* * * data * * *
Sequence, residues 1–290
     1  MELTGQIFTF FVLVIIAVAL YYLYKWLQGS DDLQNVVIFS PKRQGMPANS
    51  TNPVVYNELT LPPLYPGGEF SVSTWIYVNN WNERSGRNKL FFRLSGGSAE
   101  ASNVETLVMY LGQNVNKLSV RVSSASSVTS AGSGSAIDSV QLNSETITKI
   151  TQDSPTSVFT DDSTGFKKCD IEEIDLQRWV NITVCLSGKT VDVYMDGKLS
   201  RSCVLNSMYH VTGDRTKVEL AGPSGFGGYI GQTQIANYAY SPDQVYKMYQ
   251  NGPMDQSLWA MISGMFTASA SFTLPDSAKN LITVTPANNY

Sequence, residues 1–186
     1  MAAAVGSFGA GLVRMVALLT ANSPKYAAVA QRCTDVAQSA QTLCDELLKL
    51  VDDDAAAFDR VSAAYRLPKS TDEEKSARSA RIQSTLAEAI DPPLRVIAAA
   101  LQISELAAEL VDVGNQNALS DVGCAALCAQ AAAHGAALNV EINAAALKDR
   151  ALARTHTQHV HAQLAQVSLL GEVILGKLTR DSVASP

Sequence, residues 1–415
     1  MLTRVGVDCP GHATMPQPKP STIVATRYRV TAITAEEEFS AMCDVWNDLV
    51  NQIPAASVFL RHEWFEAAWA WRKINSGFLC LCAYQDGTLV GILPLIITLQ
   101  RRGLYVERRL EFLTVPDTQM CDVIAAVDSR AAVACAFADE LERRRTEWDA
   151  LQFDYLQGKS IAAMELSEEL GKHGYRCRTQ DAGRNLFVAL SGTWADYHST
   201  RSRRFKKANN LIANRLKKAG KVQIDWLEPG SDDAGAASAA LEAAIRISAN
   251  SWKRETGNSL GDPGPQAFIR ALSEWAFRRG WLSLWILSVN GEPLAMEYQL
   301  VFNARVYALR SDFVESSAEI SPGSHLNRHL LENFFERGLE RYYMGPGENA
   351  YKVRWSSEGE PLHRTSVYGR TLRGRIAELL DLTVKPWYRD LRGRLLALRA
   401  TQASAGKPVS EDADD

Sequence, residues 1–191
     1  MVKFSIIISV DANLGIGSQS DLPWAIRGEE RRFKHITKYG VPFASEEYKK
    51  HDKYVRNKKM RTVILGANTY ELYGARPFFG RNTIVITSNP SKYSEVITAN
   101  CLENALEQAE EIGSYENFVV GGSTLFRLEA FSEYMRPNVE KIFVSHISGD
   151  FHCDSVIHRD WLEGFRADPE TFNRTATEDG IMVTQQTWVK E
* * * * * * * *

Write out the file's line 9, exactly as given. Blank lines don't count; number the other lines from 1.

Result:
     1  MAAAVGSFGA GLVRMVALLT ANSPKYAAVA QRCTDVAQSA QTLCDELLKL